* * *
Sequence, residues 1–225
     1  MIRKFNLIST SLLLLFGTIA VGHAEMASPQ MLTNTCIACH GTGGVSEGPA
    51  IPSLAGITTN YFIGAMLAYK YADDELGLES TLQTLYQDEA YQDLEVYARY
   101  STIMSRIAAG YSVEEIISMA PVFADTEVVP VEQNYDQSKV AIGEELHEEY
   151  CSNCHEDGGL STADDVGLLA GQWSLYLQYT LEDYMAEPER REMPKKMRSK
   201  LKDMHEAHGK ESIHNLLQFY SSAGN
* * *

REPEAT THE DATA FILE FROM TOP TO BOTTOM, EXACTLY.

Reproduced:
Sequence, residues 1–225
     1  MIRKFNLIST SLLLLFGTIA VGHAEMASPQ MLTNTCIACH GTGGVSEGPA
    51  IPSLAGITTN YFIGAMLAYK YADDELGLES TLQTLYQDEA YQDLEVYARY
   101  STIMSRIAAG YSVEEIISMA PVFADTEVVP VEQNYDQSKV AIGEELHEEY
   151  CSNCHEDGGL STADDVGLLA GQWSLYLQYT LEDYMAEPER REMPKKMRSK
   201  LKDMHEAHGK ESIHNLLQFY SSAGN